Building a Mad Libs Game | Python

Learn to build a mad libs generator game using python3.

thecodingpie . . 7 min read . 925 Hits

Howdy Folks, In this tutorial you are going to build a simple mad libs game using python. If you are a python beginner, then this must be the best place to start.

You can get the complete code here from my Github repo - Mad-Libs-Python

Now, without further ado, let's get started... Hey wait, but what is Mad Libs Game?

Mad Libs

According to Wikipedia, "Mad Libs is a phrasal template word game where one player prompts others for a list of words to substitute for blanks in a story before reading aloud."

If you still didn't get it, let me tell you an example. Imagine you had a story like this:

mad libs unfilled

See, the story has many key words replaced with blanks. Beneath each blank is specified a category, such as exclamation, noun, a verb like that. Now you ask another player to contribute a word of the specified type for each blank, but without revealing the context for that word. Finally, after filling all the blanks with the parts of speech given by that another player, the completed story is read aloud. The result is usually comic, surreal, and somewhat nonsensical 😆. For example, the above story after completion might look like this:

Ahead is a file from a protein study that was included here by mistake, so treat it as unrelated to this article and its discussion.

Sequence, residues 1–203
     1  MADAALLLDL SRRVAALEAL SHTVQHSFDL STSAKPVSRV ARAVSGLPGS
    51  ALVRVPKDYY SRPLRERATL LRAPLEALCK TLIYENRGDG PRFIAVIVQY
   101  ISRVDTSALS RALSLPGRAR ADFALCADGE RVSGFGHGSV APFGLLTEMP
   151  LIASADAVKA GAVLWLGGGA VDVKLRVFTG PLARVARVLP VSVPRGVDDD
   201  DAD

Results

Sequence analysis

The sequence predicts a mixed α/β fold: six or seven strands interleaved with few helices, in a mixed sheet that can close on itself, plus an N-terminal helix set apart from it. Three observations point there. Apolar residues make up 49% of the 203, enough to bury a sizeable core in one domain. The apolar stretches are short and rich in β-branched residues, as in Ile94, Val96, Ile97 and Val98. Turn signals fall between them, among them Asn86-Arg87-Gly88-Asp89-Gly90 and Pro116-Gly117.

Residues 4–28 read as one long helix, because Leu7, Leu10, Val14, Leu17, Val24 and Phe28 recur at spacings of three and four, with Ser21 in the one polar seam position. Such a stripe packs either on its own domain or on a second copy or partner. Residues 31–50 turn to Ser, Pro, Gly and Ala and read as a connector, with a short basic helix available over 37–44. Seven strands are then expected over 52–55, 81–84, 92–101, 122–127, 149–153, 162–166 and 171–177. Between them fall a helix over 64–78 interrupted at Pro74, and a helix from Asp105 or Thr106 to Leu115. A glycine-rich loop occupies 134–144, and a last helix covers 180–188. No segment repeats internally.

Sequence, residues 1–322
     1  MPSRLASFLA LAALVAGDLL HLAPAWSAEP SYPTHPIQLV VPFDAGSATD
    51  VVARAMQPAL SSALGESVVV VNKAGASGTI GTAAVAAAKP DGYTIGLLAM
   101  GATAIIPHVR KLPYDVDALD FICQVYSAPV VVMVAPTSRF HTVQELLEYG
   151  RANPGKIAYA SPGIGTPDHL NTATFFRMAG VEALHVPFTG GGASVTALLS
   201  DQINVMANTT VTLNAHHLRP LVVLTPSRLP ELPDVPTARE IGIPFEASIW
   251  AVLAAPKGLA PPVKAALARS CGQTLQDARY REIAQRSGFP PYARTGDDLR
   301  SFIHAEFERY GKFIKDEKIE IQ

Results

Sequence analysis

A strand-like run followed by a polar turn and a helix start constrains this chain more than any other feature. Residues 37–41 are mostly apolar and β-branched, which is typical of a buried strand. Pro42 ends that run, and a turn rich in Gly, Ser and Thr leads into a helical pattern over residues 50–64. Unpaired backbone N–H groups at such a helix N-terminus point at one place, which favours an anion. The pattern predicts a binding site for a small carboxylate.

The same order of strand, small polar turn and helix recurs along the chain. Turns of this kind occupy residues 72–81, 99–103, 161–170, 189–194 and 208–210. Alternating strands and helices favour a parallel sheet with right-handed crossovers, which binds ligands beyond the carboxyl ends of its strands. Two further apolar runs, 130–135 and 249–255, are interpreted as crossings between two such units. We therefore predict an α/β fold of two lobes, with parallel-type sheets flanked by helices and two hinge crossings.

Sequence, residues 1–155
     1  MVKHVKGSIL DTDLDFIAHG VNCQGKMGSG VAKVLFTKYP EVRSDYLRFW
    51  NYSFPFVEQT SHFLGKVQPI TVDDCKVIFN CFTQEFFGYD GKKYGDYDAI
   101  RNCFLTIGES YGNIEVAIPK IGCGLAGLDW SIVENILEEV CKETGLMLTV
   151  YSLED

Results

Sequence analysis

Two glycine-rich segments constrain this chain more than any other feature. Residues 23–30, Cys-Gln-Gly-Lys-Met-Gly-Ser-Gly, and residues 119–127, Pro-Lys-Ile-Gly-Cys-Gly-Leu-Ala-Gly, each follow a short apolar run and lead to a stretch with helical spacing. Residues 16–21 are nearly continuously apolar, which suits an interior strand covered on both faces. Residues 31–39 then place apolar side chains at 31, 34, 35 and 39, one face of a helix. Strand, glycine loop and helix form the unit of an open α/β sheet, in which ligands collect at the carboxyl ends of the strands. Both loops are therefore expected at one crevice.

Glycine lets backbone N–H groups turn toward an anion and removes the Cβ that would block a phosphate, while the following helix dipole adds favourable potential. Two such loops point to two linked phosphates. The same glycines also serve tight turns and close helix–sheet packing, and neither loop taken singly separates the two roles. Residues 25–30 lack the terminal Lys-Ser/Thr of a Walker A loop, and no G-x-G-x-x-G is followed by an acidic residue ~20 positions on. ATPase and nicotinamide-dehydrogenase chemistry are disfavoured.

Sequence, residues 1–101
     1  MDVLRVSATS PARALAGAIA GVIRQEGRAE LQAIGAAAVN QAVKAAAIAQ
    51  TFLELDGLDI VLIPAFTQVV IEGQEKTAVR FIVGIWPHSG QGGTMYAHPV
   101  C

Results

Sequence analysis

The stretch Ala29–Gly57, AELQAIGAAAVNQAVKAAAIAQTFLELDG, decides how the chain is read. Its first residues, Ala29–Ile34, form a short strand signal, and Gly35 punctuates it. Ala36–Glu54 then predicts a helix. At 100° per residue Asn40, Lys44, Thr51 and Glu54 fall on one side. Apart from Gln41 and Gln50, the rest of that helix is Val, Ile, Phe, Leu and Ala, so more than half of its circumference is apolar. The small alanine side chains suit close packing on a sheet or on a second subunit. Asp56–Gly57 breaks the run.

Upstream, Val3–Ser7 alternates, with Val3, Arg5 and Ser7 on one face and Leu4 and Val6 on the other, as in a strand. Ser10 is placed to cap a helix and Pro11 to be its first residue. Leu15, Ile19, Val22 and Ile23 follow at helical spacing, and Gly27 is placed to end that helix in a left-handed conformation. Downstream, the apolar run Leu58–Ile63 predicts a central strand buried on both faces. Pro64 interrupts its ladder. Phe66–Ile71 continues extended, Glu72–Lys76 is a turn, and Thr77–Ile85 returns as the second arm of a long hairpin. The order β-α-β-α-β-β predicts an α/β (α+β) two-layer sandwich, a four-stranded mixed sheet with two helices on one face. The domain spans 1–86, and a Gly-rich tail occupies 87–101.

filled mad libs funny

See, it's that simple. That's exactly what we are going to do but using python. It's going to be a lot of fun... 

The breakdown

As I said, we need a story left with blank spaces. For the sake of simplicity, I am going to use the exact story we saw above which I got from Wikipedia.

the story we are going to use

Now we have the story, the next thing is to get some parts of speech (like an adverb, noun, etc) from the user, right? So we prompt the user to enter an exclamatory word, an adverb, a noun, and an adjective.

When they do so, we will store them in their corresponding variables.

Now we have the words, the next thing to do is to reveal the entire story by including the substitute words.

That's it, that's all we are going to do.

What you will learn?

By doing this simple project, you will learn the following:

  • How to run a python file in the Terminal
  • How to work with string data type in python
  • The concepts of variables
  • How to take input from the user
  • And how to output something to the screen

Things you will need

  • The very first thing you will need is the python itself. I am going to use python3. You can read this post to learn how to setup python3 on any operating system - https://realpython.com/installing-python/
  • After setting up python3, you will need a modern code editor like visual studio code. Yes, of course, you can do this simple project inside the default python IDLE or things like that, but the benefit of using a modern code editor like visual studio code is that it comes pre-baked with all the things you will ever need during your programming journey. It has a pre-built terminal, Integrated Git, debugging tools, extensions, and much much more. And more than anything else, it is completely free and open-source.